6. Knows new patterns in world manufacturing production that developed among the nations of Great Britain, United States, Germany, France, Russia, and Italy between 1800 and 1900
   7. Understands the discourse surrounding the abolition of slavery (e.g., the debate over abolition of slavery in the context of the French Revolution, the different strategies to resist slavery employed by peoples in the Americas)
   8. Understands significant individuals in the abolition movement (e.g., prominent women from the abolitionist movement in America and their major accomplishments, including Harriet Tubman, Sojourner Truth, the Grimk√© sisters, Lucretia Mott; the story of Olaudah Equiana [Gustavus Vasa], his experience during the "middle passage," and his efforts to bring an end to the slave trade)
  Level IV (Grade 9-12)
   1. Understands the effect of economic conditions and theories on the development of industrialization (e.g., the relationship between the expanding global market of the 16th to 18th century and the development of industrialization, the effect of new economic theories on industrial policies and practices)
   2. Understands how industrialization shaped social class and labor organizations (e.g., connections between industrialization and the rise of new types of labor organizations and mobilization; what 19th-century literature reveals about the emergence and conditions of new social classes during the industrial period; conditions for children employed by 19th-century England before and after major legislation passed in 1833, 1842, and 1847; the wide variety of organizations created by working-class peoples in England, Western Europe, and the United States in response to the conditions of industrial labor)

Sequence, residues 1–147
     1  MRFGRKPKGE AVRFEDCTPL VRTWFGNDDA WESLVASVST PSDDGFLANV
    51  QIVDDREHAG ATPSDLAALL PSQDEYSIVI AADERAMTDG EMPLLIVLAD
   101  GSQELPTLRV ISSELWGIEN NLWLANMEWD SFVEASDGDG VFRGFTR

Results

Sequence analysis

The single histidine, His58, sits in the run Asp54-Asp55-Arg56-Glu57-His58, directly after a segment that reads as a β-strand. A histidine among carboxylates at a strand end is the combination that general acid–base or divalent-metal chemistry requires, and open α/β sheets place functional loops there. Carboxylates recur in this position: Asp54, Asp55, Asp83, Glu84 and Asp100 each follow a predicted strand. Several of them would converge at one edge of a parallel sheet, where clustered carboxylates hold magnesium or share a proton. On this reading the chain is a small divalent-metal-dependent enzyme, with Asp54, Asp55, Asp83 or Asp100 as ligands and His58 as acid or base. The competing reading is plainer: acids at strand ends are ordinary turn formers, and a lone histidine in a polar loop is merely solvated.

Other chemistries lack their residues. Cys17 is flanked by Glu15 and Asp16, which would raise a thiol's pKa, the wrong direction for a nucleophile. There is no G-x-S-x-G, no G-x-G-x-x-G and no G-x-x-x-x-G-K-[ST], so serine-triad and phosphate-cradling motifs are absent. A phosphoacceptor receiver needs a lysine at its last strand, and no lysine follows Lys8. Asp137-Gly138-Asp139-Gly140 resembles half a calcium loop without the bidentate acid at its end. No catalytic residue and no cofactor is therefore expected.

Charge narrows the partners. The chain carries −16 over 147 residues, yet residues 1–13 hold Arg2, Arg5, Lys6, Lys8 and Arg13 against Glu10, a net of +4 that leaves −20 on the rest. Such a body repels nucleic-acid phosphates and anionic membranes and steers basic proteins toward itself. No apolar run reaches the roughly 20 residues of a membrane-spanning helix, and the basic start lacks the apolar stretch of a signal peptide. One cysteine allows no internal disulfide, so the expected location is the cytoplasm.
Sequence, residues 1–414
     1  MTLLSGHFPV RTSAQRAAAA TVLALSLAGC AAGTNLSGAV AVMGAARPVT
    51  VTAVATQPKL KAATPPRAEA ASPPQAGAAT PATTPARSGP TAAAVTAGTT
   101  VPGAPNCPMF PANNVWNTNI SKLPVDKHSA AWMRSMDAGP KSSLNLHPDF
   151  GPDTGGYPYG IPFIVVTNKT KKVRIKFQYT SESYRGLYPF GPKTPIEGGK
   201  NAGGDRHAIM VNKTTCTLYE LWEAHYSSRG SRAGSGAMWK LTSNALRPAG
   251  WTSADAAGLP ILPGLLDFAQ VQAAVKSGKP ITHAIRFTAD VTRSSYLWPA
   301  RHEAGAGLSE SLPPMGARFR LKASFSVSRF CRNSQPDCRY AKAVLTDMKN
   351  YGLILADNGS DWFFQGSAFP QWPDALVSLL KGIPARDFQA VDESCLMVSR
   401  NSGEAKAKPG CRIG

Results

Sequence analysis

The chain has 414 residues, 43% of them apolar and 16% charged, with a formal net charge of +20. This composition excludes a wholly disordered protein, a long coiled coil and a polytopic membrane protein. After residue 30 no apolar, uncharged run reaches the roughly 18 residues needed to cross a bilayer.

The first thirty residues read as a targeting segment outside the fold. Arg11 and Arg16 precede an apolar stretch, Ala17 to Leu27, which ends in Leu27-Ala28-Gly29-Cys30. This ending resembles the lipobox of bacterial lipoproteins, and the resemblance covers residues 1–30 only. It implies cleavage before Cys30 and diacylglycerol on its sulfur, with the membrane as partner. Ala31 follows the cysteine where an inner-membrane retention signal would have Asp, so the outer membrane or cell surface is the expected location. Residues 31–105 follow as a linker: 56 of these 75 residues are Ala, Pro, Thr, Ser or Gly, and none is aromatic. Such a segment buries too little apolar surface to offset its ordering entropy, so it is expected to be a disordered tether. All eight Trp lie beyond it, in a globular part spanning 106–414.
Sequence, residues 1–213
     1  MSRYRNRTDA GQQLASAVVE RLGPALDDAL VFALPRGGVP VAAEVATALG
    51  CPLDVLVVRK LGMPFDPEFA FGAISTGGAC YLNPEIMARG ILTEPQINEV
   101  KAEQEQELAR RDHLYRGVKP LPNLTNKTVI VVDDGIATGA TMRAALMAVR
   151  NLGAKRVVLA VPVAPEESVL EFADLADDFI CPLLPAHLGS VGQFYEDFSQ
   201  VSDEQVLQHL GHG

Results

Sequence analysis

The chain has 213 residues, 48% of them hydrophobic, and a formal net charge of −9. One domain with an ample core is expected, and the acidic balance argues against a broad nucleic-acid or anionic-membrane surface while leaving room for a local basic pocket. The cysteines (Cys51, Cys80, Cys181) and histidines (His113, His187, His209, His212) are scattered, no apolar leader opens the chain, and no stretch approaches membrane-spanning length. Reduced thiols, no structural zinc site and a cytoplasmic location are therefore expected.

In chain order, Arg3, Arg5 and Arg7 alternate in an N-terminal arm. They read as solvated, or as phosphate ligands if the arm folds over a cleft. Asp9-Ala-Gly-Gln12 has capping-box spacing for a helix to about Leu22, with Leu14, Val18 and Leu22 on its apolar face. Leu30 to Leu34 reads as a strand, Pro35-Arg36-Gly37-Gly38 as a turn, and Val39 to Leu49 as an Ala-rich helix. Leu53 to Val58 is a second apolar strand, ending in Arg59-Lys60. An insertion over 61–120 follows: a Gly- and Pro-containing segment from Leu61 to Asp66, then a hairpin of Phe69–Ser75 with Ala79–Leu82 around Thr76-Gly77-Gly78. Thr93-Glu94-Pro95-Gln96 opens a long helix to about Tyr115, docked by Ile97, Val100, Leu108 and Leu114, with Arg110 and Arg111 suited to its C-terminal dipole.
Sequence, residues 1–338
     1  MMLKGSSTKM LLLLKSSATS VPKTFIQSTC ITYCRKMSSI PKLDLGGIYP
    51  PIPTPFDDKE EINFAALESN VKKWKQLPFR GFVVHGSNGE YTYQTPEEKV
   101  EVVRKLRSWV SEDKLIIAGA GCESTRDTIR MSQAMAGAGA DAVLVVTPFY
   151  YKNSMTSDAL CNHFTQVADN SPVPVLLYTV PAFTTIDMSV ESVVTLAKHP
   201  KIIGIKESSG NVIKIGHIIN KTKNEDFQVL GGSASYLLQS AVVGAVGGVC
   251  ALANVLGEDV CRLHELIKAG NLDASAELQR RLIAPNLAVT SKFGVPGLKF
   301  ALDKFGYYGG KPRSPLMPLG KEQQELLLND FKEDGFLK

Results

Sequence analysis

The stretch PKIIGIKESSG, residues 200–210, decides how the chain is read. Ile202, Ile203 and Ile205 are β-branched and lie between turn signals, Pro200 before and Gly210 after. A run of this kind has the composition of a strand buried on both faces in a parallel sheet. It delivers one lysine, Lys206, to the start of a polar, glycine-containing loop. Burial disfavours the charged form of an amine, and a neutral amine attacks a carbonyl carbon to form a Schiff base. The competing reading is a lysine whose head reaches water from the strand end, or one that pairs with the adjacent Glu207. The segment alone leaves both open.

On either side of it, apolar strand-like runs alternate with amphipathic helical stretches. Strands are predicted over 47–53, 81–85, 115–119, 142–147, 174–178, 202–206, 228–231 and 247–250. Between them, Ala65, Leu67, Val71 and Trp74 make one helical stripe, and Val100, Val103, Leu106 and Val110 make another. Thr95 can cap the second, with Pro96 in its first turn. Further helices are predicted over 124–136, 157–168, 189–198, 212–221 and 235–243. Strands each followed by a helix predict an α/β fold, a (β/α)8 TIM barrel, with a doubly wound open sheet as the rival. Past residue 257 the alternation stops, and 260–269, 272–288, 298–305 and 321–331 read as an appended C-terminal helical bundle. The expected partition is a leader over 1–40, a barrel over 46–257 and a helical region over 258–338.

3. Understands reasons why various countries abolished slavery (e.g., the importance of Enlightenment thought, Christian piety, democratic revolutions, slave resistance, and changes in the world economy in bringing about the abolition of the slave trade and emancipation of the slaves in the Americas; evangelical arguments against slavery, and the economic, evangelical, and "Enlightened" reasons for Britain's abolition of slavery; why Brazil was the last nation to abolish slavery and the slave trade; the consequences of the Haitian Revolution for the slave trade)
   4. Understands the realities and romanticized visions of pre-industrial England (e.g., as reflected in the paintings of Constable and Turner)
   5. Understands the relationship between improvements in agriculture, population increase, the rise of the textile industry, the enclosure movement, urbanization, and industrialization in 18th century England
   6. Knows the strengths and weaknesses of Adam Smith’s analysis of capitalism in the "The Wealth of Nations" (e.g., his principle of the "Invisible Hand," the role of free enterprise, the profit motive, and competition; his "pin" story)
   7. Understands how and why industrialization developed differently in Britain than it did on the continent
   8. Understands different perspectives regarding the nature of the African slave trade (e.g., how the African slave trade might be compared to the migration of Chinese workers to North and South America, and Indian workers to the Caribbean in the 19th century; the significance of the book The Interesting Narrative of the Life of Olaudah Equiano or Gustavus Vasa, Written by Himself about the slave trade)
   9. Knows the extent of slave imports to Brazil, Spanish America, the British West Indies, the French West Indies, British North America, and the U.S. and how the influx of slaves differed in the periods 1701 to 1810 and 1811 to 1871